But this past winter, I was able to carve out those three hours each week specifically for focusing on this tapestry project, and the progress gained really showed me how the discipline of setting aside such time can create real results. I’d be delighted to labor over a hand or an eye or the unicorn’s beard. While these may sound like but small pieces, the attention to detail and the number of color switches can simply cause time to melt away beneath the weaver’s fingers. At tapestry’s finest thread counts (namely during the 17th and 18th Centuries), a weaver might spend all day on one square inch! Compared with that situation, I was virtually chugging along!
I must admit, though, that I was most daunted at the prospect of weaving the lady’s face. In my previous works, I had depicted the side of a face or an extremely stylized, shadow-laden front-facing character, but never with this type of detail or fluidity. And certainly I had not woven a lady sideways before. As I approached this part of the piece, I knew the weight of getting it right. The face of the unicorn and the lady are the focal points of the composition, but especially the lady because she is engaging the viewer by holding a finger to her lips. This is the invitation to join the alternative narrative (or reject it).
Unweaving is not my favorite. In fact, it’s way down on the list for me, below warping. Once, I was seven inches into a Navajo tapestry and realized that I had the central motif off from center by two warp threads. I had to take it all back out to the start of that motif. I’ll admit it, I cried. But I did it. And, of course, in the end I was glad that I did.
Starting the journey for the lady’s face was a one step forward/two steps back process. I’d try one method, then take it out. Try another, take it out. Finding good yarns in subtle flesh tones was actually the most difficult material to procure, so I was using a combination of Navajo yarns on hand and some multi-colored alpaca that I had broken into different shade tones. The outlining technique I used for individual fingers and facial lines is a technique used in Navajo pictorial work, but looking at detailed photos of Flemish technique, laying in outline wefts seems to be used as well in Europe.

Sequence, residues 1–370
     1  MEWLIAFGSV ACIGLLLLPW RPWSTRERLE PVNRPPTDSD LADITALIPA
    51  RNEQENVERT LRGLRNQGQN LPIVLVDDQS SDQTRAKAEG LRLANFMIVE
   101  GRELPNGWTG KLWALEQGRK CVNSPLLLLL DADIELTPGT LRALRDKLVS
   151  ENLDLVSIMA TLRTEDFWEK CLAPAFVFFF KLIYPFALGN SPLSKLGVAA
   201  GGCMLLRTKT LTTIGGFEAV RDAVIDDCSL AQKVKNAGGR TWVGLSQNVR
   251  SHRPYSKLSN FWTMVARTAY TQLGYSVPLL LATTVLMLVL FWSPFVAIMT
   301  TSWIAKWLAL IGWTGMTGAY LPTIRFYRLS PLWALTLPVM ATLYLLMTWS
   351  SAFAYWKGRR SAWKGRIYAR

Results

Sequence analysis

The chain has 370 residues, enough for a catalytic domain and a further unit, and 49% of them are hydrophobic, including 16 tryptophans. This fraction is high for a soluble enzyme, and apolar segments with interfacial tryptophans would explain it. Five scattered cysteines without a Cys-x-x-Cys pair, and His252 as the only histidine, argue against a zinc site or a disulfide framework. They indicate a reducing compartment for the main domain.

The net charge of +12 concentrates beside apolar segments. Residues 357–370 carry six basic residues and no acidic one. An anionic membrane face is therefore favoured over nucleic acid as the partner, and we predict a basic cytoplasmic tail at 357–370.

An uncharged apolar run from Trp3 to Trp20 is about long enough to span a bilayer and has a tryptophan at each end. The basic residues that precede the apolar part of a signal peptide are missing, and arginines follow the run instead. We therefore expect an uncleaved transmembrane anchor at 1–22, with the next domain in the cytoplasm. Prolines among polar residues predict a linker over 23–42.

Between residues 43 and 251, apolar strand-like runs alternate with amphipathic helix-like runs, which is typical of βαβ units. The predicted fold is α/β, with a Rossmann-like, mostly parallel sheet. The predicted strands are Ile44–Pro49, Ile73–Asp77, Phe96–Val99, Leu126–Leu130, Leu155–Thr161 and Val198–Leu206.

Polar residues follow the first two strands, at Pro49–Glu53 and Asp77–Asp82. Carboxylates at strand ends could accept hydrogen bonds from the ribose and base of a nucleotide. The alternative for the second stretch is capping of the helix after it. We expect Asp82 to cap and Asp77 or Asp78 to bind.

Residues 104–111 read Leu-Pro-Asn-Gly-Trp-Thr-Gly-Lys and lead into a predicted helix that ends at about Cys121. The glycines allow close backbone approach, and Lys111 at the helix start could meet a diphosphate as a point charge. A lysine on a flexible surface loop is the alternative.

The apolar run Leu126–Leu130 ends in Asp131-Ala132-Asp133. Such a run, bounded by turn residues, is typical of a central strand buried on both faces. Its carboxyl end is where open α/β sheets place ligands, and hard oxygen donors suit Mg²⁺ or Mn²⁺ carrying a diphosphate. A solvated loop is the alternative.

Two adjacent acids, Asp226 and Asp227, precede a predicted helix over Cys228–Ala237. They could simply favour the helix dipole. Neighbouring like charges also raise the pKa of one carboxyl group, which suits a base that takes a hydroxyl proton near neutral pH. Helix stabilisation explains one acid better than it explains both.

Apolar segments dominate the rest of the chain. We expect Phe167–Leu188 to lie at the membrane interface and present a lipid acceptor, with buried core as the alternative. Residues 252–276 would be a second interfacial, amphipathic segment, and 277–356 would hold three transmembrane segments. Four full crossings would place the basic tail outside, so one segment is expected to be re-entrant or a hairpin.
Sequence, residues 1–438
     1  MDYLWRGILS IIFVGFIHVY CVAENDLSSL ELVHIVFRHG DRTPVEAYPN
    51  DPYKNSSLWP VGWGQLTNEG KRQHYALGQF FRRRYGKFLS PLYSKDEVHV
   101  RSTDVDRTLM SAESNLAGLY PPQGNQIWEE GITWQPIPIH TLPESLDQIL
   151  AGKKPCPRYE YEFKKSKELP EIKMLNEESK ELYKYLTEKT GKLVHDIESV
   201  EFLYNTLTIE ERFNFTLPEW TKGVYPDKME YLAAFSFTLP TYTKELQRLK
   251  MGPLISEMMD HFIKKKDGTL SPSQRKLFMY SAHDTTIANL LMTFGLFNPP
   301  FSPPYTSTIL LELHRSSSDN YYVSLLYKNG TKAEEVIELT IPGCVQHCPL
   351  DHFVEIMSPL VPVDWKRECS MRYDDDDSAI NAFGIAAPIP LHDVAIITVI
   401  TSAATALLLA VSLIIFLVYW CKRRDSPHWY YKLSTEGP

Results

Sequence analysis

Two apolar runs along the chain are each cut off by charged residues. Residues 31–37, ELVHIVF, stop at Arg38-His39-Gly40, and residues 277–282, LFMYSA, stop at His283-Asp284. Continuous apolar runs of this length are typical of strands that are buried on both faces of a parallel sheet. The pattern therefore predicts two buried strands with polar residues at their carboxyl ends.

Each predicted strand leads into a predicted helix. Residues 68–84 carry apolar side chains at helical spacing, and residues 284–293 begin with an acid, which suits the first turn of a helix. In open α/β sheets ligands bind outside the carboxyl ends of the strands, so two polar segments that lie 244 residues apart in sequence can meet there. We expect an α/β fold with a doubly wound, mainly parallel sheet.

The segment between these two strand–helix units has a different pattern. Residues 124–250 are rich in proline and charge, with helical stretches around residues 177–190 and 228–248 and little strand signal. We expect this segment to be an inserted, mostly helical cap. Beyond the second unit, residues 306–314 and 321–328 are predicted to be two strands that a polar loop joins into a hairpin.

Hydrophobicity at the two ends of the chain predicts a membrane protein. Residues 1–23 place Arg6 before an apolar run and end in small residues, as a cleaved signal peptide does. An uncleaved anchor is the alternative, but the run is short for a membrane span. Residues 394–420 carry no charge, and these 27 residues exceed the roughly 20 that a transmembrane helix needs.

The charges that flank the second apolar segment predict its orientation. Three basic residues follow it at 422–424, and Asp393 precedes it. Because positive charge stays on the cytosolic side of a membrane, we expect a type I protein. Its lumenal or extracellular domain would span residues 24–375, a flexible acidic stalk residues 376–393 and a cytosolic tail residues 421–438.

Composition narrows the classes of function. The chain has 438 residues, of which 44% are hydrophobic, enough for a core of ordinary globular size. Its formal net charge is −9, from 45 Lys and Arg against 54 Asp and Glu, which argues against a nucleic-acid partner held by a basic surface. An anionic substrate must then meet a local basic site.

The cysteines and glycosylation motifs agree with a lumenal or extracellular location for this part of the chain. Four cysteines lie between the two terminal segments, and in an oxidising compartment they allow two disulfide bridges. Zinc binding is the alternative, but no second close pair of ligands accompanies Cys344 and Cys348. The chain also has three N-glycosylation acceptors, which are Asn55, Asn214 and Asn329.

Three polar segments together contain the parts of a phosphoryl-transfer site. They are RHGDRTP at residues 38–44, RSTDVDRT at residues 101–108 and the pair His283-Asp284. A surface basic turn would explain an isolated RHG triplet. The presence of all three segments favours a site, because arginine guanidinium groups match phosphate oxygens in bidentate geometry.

One important detail I studied for this part of the tapestry was a picture of the three ladies gossiping in “The Unicorn is Killed and Brought to the Castle.” This is where I noticed the use of tiny, individual lines of blush on the cheeks, interspersed with the flesh tone. Two rows, which in Navajo technique is called “wavy lines” each, from a distance they blend together. Ingeniously subtle, I decided to use this technique for my own lady.
But the eye, my goodness! This is where I wished for more warp threads. When I take this tapestry off the loom, there is gong to be a whole flurry of tails (weft ends) at the back to bury all over her face! But that is part of the Flemish tapestry process. I’ll be sure to share the story of finishing the tapestry…when I actually make it to that phase.
Currently, the first eye for the lady is complete, as well as part of her mouth and nose. Both hands are finished, which were certainly tricky enough in their own right. But working the face trumps the challenges of verdure, velvet, mane, and all the rest so far. I’ve tried to include a different shade for the eyelid, yet another below the eyebrow and along the edge of the nose, as well as bringing in some of the yarn used for her hair into eyelashes and eyebrow.
Progress continues, and with it more pictures to come. Now over half-way complete, “Deceiving the Hunters” is becoming recognizably an expression of the original cartoon–though unmistakably richer, fuller, and more deeply textured. The journey continues as I worked the colored warps back an forth, a tiny piece at a time.